Littell's Living Age/Volume 144/Issue 1857/Epitaph for the Rev. Dr. Buckland

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Littell's Living Age translated by Frederick Mant
Volume 144, Issue 1857 : Epitaph for the Rev. Dr. Buckland by Dr. Shuttleworth

Originally published in Notes and Queries. Written in Latin by Dr. Shuttleworth, Bishop of Chichester, about the year 1820.

Mourn, Ammonites, mourn o'er his funeral urn
      Whose neck ye must grace no more;
Gneiss, Granite, and Slate! he settled your date,
      And his ye must now deplore.

Weep, Caverns, weep! with infiltering drip,
      Your recesses he'll cease to explore;
For mineral veins and organic remains
      No Stratum again will he bore.

Oh! his Wit shone like Crystal! his knowledge profound
      From Gravel to Granite descended;
No Trap could deceive him, no Slip could confound,
      Nor specimen true or pretended.
He knew the birth-rock of each pebble so round
      And how far its tour had extended.

His eloquence roll'd like the Deluge retiring
      Which Mastodon carcases floated;
To a subject obscure he gave charms so inspiring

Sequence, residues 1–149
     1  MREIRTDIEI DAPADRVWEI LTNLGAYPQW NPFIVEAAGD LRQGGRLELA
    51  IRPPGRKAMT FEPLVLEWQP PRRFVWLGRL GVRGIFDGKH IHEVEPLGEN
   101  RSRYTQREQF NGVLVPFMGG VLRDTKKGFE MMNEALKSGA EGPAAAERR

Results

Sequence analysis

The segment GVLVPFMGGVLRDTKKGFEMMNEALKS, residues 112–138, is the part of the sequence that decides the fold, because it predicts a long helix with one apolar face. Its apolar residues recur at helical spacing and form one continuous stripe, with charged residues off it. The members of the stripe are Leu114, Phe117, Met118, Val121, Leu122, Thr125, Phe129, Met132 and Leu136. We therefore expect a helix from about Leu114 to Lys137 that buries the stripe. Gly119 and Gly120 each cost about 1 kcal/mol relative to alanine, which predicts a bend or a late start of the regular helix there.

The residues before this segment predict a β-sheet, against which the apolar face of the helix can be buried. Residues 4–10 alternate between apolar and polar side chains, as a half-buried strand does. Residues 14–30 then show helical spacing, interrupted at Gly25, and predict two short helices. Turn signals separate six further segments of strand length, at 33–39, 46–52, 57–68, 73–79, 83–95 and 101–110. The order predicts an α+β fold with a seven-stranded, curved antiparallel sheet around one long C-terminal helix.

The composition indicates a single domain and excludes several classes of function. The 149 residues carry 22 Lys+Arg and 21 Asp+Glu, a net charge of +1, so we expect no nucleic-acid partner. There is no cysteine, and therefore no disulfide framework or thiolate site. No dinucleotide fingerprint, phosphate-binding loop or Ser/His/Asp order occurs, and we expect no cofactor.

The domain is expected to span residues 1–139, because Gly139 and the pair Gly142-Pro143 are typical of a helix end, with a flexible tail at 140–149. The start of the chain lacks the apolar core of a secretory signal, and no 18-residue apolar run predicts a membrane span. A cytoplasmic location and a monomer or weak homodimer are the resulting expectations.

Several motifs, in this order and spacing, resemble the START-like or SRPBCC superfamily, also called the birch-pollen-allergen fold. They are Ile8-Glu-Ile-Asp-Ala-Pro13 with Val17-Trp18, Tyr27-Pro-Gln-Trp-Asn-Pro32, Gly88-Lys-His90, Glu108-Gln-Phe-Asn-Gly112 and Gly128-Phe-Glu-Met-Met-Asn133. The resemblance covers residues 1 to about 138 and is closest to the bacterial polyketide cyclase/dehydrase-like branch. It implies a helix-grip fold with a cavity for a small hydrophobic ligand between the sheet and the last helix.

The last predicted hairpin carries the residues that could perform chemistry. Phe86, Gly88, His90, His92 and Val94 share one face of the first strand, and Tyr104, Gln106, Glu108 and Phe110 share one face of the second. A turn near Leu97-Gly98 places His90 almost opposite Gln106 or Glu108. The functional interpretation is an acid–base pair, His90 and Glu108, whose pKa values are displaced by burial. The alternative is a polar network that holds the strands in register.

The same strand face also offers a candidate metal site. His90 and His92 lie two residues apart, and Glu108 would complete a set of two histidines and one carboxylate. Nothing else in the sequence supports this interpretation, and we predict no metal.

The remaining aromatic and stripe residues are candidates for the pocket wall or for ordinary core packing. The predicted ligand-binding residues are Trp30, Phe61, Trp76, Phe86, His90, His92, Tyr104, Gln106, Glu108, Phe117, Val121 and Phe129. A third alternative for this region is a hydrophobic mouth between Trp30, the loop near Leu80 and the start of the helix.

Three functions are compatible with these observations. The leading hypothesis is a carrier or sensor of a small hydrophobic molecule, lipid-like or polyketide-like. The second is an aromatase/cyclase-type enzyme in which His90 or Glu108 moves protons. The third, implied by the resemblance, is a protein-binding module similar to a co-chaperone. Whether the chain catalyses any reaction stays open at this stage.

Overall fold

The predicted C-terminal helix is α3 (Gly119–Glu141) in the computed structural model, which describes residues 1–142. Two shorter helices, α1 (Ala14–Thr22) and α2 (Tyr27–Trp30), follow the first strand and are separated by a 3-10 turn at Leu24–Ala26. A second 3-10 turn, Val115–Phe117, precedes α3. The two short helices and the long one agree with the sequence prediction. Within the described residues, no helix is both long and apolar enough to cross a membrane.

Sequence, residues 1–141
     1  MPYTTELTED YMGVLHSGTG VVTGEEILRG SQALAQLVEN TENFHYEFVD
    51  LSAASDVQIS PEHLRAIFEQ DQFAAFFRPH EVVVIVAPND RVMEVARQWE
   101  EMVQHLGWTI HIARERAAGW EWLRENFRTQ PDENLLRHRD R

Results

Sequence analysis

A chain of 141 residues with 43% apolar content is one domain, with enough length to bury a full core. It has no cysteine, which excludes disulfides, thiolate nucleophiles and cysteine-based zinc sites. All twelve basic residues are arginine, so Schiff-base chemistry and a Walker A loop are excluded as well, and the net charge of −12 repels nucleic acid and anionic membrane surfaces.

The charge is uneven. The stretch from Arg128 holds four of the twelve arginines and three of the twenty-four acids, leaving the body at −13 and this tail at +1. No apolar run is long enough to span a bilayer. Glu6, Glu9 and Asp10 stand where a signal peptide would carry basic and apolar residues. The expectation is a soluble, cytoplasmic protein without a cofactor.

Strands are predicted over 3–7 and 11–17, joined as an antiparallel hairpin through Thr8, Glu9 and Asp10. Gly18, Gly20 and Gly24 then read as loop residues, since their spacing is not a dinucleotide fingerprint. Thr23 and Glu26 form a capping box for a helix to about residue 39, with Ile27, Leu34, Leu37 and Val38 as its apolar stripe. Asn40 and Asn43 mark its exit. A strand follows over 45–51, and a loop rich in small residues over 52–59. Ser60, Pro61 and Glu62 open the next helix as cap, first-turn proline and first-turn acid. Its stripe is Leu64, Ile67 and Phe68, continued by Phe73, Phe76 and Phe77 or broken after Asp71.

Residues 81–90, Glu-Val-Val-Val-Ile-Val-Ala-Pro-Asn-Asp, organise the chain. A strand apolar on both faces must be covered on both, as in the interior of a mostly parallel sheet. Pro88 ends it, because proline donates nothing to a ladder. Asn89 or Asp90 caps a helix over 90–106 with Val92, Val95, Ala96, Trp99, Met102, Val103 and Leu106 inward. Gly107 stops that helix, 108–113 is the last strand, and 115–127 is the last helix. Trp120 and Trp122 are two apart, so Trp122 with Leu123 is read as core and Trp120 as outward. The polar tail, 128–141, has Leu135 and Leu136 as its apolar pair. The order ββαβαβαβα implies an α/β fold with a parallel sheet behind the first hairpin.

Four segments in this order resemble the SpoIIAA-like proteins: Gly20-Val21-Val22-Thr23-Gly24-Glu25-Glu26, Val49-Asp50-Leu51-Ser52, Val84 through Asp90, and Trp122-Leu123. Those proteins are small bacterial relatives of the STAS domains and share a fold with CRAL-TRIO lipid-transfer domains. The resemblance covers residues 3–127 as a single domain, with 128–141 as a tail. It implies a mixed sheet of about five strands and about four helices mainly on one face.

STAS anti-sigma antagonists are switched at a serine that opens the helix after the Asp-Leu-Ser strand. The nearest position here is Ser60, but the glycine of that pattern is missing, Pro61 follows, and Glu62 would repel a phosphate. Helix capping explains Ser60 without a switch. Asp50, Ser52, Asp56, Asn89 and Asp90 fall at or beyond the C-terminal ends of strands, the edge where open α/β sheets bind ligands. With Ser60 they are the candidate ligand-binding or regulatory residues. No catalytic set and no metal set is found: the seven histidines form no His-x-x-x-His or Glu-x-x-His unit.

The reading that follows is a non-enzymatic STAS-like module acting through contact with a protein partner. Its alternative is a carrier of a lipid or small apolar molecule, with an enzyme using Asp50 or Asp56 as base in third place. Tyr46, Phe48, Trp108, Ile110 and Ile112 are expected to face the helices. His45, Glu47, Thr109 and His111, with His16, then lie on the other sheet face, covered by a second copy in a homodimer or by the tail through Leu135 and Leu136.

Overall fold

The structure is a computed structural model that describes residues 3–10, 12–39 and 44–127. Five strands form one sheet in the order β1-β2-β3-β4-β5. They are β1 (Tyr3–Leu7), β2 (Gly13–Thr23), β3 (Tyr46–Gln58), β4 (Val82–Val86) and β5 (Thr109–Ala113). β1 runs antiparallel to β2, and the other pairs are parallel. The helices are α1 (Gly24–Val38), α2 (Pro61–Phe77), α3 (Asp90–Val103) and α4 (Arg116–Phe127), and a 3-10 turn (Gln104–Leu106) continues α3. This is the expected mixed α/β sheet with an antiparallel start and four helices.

Young and Old on Geology doated.
He stood forth like an Outlier; his hearers admiring
      In pencil each anecdote noted.

Where shall we our great Professor inter,
      That in peace may rest his bones?
If we hew him a rocky sepulchre
      He'll rise and break the stones,
And examine each Stratum that lies around,
For he's quite in his element under ground.

If with Mattock and Spade his body we lay
      In the common alluvial soil,
He'll start up and snatch those tools away
      Of his own Geological toil.
In a Stratum so young the Professor disdains
That embedded should be his Organic Remains.

Then exposd to the drip of some case-hard'ning spring,
      His carcase let Stalactite cover,
And to Oxford the petrified sage let us bring,
      When he is incrusted all over;
There 'mid Mammoths and Crocodiles, high on a Shelf,
Let him stand as a Monument raised to himself.